CHIMWEMWE MWALE, Livingstone
THEY are said to be the unsung ‘workhorses’ that never get noticed until something goes wrong with them. Kidneys filter an approximated 200 litres of blood a day, help regulate blood pressure and direct red blood cell production in the body.
Kidneys are, however, also prone to disease and one can be at risk for kidney disease due to diabetes, high blood pressure, or a family history of kidney failure according to medical experts.
Some of the symptoms of kidney disease include tiredness, decreased appetite, difficulty in concentrating and/or sleeping, swollen feet and ankles.
Other symptoms include puffiness around the eyes, muscle cramping especially at night, dry itchy skin, more frequent urination and blood or bubbles in urine.
Also referred to as a silent epidemic, kidney disease is on the rise in Zambia prompting medical practitioners to get to the proverbial drawing board.
“The volume of patients is increasing, without having an exit and exit to kidney disease is only when we have transplants. We can only reduce the volume by transplants. We have demonstrated to Government that it is very expensive if patients are continuously on dialysis but it’s cheaper to manage patients after transplanting.
“We have only transplanted a few patients outside the country in India especially, and so far, we have been tasked to start the initial transplant in the country,” says University Teaching Hospital (UTH) kidney unit nephrologist Charles Mutemba.
Dr Mutemba said UTH in 2016 and 2017 recorded 8,000 and 12,000 patients respectively at the dialysis unit indicating a significant increase in the number of patients with kidney disease.
He said in an interview that there is also need to expand the existing dialysis services in Livingstone, Ndola, Kasama, Chipata, and Solwezi.
Dr Mutemba said it is challenging for patients from outside Lusaka to get dialysis services as they are supposed to access the facility three times a week to sustain their life.
“So, if someone lives and works outside Lusaka, you can understand the challenges they face. This is why we are saying no one can be on dialysis for life, and this why we are intensifying efforts for [kidney] transplants,” Dr Mutemba said.
UTH is this year expected to carry out its first kidney transplant in the country.
Dr Mutemba said this is because it is costing Government colossal amounts of money for the procedure to be done abroad.
Currently, most patients with kidney disease requiring organ transplant receive medical attention in India.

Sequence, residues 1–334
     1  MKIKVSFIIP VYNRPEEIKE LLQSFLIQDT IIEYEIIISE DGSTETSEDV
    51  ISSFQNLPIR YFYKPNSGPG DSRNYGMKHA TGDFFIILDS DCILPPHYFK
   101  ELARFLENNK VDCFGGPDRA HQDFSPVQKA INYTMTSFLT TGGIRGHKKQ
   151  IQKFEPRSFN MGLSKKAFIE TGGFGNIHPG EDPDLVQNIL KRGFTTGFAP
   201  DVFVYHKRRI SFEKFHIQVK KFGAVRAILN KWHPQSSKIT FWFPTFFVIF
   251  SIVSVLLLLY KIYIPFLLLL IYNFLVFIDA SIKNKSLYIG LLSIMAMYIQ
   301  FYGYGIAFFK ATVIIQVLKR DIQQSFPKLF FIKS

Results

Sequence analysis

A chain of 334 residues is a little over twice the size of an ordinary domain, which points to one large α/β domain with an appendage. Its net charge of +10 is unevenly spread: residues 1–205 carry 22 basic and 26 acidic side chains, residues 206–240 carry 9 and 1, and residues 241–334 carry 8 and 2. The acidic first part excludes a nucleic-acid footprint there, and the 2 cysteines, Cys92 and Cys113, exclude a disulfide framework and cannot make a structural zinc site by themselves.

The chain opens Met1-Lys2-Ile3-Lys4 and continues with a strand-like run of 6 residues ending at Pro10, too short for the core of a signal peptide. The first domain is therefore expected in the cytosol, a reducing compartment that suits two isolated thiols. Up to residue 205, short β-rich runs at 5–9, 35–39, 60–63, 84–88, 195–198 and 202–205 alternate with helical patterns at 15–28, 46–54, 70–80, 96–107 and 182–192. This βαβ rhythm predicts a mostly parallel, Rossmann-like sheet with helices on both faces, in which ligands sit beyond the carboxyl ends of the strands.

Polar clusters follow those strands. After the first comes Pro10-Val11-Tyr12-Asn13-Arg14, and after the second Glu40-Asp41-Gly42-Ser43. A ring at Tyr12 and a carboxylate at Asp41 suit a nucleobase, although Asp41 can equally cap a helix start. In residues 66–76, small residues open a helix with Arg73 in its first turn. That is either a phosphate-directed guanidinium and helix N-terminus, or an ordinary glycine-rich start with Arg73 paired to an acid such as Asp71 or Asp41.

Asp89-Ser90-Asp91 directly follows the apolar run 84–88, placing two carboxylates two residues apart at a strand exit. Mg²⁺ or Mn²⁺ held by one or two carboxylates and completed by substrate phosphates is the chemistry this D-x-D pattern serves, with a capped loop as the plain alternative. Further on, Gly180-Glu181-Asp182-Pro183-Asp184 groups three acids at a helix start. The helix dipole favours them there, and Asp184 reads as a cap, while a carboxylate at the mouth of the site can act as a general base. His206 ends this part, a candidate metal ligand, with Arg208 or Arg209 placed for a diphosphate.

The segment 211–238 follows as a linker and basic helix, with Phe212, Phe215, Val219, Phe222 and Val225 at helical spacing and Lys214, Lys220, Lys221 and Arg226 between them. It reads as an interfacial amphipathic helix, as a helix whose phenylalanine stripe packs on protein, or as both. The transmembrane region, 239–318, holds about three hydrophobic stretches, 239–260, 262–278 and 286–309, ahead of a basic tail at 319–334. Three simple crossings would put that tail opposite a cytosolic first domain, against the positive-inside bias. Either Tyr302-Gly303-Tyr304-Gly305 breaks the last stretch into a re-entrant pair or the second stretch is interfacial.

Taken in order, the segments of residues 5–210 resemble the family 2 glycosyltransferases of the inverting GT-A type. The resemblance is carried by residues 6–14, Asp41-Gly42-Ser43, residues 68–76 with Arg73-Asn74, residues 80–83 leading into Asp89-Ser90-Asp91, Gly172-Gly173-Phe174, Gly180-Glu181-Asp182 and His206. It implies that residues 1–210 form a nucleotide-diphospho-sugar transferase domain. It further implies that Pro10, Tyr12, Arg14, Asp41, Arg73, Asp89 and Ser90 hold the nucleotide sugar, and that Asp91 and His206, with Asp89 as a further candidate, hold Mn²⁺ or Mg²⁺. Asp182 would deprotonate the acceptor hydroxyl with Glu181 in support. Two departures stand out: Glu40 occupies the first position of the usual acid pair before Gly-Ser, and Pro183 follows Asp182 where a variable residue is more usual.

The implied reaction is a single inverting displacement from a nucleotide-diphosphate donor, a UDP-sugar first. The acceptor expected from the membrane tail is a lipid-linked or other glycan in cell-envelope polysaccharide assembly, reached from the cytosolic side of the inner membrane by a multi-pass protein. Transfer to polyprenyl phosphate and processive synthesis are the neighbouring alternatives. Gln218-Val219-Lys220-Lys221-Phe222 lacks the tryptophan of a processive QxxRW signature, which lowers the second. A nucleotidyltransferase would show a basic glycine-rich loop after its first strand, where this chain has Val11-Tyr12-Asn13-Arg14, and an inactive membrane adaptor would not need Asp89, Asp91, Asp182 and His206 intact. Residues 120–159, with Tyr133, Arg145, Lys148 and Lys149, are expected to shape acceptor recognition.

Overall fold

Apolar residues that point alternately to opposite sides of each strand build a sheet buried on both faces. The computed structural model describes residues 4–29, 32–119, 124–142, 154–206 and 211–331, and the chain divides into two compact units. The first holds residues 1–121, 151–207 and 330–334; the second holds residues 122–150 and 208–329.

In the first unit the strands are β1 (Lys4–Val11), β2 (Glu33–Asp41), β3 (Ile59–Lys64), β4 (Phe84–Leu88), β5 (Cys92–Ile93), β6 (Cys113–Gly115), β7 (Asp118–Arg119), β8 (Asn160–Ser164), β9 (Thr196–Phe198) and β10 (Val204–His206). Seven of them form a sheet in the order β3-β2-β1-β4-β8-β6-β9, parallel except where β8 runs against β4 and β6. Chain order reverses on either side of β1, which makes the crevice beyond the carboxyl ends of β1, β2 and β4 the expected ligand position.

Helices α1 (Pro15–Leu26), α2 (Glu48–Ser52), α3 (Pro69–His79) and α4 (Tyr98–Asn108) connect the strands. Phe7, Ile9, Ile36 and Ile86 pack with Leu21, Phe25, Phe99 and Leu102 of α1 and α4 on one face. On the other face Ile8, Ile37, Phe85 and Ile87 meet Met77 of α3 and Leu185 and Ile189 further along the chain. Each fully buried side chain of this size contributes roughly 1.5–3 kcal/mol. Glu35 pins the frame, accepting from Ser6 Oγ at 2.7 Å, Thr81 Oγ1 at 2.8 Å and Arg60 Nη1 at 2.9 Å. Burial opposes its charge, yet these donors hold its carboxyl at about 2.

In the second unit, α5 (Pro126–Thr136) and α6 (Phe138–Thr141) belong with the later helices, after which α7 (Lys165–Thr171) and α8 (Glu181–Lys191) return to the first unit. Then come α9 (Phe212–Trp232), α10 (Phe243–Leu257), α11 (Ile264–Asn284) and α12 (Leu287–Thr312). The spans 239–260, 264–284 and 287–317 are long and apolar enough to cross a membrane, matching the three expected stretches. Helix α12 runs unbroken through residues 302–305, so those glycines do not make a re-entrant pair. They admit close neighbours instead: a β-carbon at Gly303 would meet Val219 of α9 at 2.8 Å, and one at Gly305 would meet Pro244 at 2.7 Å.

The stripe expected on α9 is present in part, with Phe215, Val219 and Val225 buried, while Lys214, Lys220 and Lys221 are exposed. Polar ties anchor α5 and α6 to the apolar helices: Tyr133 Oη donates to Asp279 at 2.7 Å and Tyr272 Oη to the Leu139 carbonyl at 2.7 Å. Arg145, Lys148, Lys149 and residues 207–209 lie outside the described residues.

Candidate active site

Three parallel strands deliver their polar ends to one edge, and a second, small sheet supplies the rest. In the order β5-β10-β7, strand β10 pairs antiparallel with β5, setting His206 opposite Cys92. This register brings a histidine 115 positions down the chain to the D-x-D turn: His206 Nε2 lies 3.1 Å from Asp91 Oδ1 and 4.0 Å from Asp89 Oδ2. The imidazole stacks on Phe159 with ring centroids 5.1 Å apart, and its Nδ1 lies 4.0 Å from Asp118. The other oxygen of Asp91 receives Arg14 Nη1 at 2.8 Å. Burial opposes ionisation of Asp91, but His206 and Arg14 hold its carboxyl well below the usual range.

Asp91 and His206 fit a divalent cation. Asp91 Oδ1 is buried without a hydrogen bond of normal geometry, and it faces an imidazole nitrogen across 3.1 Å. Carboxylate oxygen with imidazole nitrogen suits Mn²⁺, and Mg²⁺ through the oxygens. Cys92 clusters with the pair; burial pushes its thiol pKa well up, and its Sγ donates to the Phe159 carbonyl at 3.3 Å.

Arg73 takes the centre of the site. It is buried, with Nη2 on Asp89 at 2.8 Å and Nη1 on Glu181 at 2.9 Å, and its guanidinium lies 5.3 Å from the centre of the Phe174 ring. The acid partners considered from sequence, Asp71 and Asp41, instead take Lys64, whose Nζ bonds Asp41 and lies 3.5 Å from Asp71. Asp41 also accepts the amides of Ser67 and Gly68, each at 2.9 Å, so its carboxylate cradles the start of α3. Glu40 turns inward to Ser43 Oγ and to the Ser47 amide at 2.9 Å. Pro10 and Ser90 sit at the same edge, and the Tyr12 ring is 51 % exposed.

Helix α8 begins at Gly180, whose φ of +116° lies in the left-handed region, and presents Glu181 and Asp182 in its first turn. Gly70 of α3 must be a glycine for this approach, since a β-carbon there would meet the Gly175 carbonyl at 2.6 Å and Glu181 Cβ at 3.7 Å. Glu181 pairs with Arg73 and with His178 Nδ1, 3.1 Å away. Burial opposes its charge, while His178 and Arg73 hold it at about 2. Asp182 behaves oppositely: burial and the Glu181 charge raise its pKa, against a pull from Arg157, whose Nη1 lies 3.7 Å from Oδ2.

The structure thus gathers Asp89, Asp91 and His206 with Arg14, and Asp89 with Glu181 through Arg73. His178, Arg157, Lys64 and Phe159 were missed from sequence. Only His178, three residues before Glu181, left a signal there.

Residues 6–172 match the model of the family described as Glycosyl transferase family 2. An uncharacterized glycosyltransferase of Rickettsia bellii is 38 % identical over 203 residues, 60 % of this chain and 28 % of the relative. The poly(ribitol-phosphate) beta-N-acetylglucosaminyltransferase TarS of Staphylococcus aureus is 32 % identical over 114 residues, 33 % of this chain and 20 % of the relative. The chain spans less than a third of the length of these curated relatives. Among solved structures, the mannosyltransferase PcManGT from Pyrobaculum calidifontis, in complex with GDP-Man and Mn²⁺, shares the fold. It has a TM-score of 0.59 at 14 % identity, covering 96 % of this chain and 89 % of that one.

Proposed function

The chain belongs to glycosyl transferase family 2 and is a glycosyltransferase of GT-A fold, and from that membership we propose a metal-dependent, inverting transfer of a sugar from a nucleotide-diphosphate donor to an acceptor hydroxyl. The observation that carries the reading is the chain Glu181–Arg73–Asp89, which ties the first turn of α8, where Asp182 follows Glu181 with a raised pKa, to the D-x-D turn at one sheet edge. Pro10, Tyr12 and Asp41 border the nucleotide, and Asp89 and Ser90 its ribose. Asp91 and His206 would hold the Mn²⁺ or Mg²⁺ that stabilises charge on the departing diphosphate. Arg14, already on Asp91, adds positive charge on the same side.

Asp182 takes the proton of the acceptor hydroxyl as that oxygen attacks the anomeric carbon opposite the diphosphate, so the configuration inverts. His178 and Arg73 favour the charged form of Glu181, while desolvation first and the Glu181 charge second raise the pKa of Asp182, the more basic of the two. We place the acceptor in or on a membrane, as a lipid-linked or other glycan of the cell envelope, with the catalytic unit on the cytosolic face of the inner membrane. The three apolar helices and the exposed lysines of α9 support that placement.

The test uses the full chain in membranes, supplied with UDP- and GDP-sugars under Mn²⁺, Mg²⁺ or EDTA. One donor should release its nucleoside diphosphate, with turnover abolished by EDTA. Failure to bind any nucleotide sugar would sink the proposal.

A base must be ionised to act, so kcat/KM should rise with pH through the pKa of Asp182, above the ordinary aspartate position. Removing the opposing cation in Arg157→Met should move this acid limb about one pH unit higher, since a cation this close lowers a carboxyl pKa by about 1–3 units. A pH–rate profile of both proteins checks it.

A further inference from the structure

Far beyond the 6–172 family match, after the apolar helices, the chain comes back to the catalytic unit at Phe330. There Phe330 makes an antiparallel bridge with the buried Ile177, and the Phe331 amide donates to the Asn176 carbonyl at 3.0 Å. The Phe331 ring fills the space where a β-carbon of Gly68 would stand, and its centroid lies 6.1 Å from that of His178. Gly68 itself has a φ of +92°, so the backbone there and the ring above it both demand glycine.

And UTH department of surgery renal transplant surgeon Michael Mbambiko said the medical team is working on a programme to inform people about the benefits of kidney transplant and addressing concerns about the procedure.
Dr Mbambiko said the transplant programme will involve obtaining kidneys from live donors.
He said this is becausee it is a much easier system to start the procedure as compared to using the cadaveric procedure which involves obtaining kidneys from a dead person and requires a lot of resources.
A cadaveric kidney comes from a dead donor.
He said kidney transplantation is a complex procedure and requires a multi-disciplinary team and equipment to undertake.
Dr Mbambiko said in an interview that UTH is working with a number of partners to undertake the exercise.
“We are happy that government is giving us a lot of support and we are hopeful that sometime this year, we will do our first transplant. I am unable to state the date but we are working with various partners and we are looking forward to our first transplant and see how it works,” he said.
Meanwhile Livingstone Central Hospital medical superintendent John Kachimba says there is need for medical practitioners in the country to help find solutions in the decentralisation of renal services.
Dr Kachimba said this will help Government to significantly reduce the cost of the services.
He said a holistic approach should be developed to help patients suffering from kidney disease to access medical attention.
Dr Kachimba said the responsibility of improving renal care is for all medical practitioners and stakeholders and not just Government.
He said this in Livingstone recently during the official opening of the first ever renal symposium programme which attracted several medical practitioners from around the country.
The symposium, which was being hosted by CK Scientific Group Zambia Limited, in partnership with Braun, was dubbed: “Embracing industry, development and innovation in renal services in Zambia.”
“We all need to work together to deliver quality health care and bring about public awareness on kidney disease,” Dr Kachimba said.
He said efforts are being made by Government to make renal services available across the country as part of the reforms in the health sector.
However, the services are expensive and some patients cannot afford them, hence the need to make them more accessible and available, Dr Kachimba said.
“Even the clients we are dealing with now are a tip of an iceberg. Most of the clients don’t even make it to access our services,” he said.
Dr Kachimba commended CK Scientific Group Zambia Limited for its efforts and provision of equipment for renal services in the country.
It is hoped that Zambia’s swelling kidney disease burden will subside, especially with the planned intervention of transplant within the country.
CHIMWEMWE MWALE, Livingstone